Revenue for Q3 2012 was $77.7 million, a decrease of 6% compared to $82.7 million in Q3 2011. The decrease in revenue was primarily attributable to a decrease in affiliate-based traffic and lower resulting internet revenue as the company continues to eliminate lower margin co-brands. Ending subscribers for Q3 2012 were just over 800,000, a decrease from the same period last year as we actively worked to reduce our number of co-brands.

For adult websites, average revenue per subscriber for Q3 2012 was $22.16, an increase of 6% compared to Q3 2011. Cost per gross addition for Q3 2012 was $40.16, a decrease of 11.2% compared to Q3 2011. Average lifetime net revenue per subscriber for Q3 2012 was $84.75, an increase of 1.2% compared to Q3 2011.

Gross profit for Q3 2012 was $52.1 million, a decrease of 5% compared to Q3 2011. The decrease in gross profit was primarily the result of reduced revenue partially offset by reduced affiliate expenses and higher margins. Income from operations for Q3 2012 was $17 million, an increase of 15.5% compared to Q3 2011. The increase was primarily attributable to a decrease in operating expenses across the board.

Net loss from continuing operations for Q3 2012 was $5.7 million or $0.18 a share, a slight change from $5.4 million or $0.18 per share for Q3 2011. Loss from discontinued operations was $2.1 million or $0.07 a share which resulted from the shutdown of all JigoCity operations. Going forward, we will not have any further losses from discontinued operations due to Jigo.

Adjusted EBITDA was $22.5 million for the company, an increase of 33% from the previous quarter. As of September 30, we had cash and cash equivalents of $14.6 million and we also had principal debt outstanding of $504.4 million. Our leverage ratios remain strong with 3.1x first lien debt to EBITDA leverage and cash interest coverage of 2.3x.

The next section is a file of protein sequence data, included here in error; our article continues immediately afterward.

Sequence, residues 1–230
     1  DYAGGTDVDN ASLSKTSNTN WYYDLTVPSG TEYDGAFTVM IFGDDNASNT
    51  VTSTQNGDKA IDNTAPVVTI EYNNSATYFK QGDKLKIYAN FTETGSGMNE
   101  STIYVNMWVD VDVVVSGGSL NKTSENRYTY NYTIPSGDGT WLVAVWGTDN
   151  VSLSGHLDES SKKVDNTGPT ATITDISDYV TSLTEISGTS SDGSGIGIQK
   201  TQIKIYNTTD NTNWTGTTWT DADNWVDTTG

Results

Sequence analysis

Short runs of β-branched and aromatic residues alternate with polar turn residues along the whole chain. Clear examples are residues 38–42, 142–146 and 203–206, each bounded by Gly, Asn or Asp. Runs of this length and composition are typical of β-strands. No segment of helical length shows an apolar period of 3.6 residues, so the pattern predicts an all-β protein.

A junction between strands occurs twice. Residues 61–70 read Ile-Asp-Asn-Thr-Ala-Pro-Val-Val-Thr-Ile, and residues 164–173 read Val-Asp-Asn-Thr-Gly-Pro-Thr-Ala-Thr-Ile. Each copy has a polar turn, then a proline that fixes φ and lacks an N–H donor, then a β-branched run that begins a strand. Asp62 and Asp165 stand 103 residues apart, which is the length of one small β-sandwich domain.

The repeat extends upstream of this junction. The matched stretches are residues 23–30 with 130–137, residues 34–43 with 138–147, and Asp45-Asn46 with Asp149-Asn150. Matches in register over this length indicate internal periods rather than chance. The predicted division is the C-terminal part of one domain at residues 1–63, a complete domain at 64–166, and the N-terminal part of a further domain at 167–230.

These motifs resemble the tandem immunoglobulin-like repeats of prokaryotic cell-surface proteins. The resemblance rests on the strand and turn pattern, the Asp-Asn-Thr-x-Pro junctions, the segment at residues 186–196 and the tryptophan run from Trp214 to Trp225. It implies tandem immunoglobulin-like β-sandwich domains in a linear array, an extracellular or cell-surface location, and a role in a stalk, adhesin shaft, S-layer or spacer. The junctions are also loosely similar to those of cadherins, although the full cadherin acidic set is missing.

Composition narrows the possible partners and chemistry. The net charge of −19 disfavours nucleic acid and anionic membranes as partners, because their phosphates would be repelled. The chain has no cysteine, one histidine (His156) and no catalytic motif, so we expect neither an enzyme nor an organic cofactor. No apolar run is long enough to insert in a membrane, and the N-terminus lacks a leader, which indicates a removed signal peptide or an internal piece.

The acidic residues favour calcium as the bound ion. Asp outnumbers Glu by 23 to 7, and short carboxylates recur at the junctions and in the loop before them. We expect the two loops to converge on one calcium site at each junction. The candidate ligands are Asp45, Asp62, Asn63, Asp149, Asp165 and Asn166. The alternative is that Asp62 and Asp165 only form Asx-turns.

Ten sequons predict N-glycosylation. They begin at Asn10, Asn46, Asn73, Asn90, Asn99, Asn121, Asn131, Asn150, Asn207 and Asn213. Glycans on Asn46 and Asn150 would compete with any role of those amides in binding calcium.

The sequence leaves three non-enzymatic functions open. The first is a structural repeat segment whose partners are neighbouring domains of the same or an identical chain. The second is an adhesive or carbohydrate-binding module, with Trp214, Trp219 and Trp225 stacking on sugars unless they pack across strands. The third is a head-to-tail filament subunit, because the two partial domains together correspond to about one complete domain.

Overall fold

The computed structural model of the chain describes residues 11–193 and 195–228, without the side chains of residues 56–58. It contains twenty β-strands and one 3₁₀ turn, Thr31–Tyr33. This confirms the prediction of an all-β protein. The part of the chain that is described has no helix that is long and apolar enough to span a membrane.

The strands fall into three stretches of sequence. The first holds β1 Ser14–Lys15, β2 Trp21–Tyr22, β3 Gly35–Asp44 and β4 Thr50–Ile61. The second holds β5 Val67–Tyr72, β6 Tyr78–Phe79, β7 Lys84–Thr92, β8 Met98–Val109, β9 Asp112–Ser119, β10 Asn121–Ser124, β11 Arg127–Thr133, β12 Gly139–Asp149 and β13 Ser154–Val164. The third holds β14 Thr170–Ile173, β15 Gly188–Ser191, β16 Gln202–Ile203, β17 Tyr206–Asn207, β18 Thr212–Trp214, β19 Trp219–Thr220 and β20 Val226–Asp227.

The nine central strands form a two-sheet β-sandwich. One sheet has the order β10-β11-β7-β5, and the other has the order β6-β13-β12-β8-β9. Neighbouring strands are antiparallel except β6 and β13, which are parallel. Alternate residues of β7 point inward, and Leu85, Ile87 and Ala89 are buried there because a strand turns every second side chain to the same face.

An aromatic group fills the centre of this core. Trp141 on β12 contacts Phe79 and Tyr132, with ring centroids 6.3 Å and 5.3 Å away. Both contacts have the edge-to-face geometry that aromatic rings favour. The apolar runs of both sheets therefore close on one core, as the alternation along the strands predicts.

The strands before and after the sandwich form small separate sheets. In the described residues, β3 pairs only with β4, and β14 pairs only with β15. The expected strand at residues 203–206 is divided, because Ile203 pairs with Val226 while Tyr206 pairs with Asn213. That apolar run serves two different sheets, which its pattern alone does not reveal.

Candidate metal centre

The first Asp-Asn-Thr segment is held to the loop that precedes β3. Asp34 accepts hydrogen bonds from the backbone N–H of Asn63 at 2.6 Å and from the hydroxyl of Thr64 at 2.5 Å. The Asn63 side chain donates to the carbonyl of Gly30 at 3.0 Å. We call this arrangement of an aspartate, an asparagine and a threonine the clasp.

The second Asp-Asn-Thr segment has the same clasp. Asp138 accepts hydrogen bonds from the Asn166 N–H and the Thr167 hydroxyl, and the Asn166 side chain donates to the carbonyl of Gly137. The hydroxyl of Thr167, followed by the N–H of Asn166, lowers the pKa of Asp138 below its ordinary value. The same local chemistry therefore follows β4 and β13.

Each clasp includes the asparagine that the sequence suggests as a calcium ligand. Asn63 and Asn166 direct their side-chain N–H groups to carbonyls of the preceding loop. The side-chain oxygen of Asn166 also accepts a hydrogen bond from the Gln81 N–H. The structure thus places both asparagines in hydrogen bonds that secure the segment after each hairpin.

As we announced last week, we’ve started to explore opportunities to refinance our long-term debt. The debt market is strong and we believe there is a compelling opportunity to complement the improvements of our operating results by strengthening our financial structure. To do this with the support of our Board and a vast majority of our senior lenders we made a strategic decision to hold back an excess cash flow payment due our lenders. The company received forbearance from over 80% of its senior lenders and suspended its required excess cash flow payment which was due November 5.

We have adequate cash to make this payment, but in order to conserve resources and take advantage of what we see as favorable market conditions, we felt this was a prudent action. The support from our principle lenders is encouraging and we believe validates the value of this opportunity. We will continue to pay interest during the refinancing phase and we’ll work with CRT Capital Group, our investment banking advisor, to accomplish this effort in an efficient and beneficial manner to all constituencies.

Free cash flow per common share was $0.45 for Q3 ended September 30, 2012. And with that I’ll turn it back over to Anthony for closing remarks.

Anthony Previte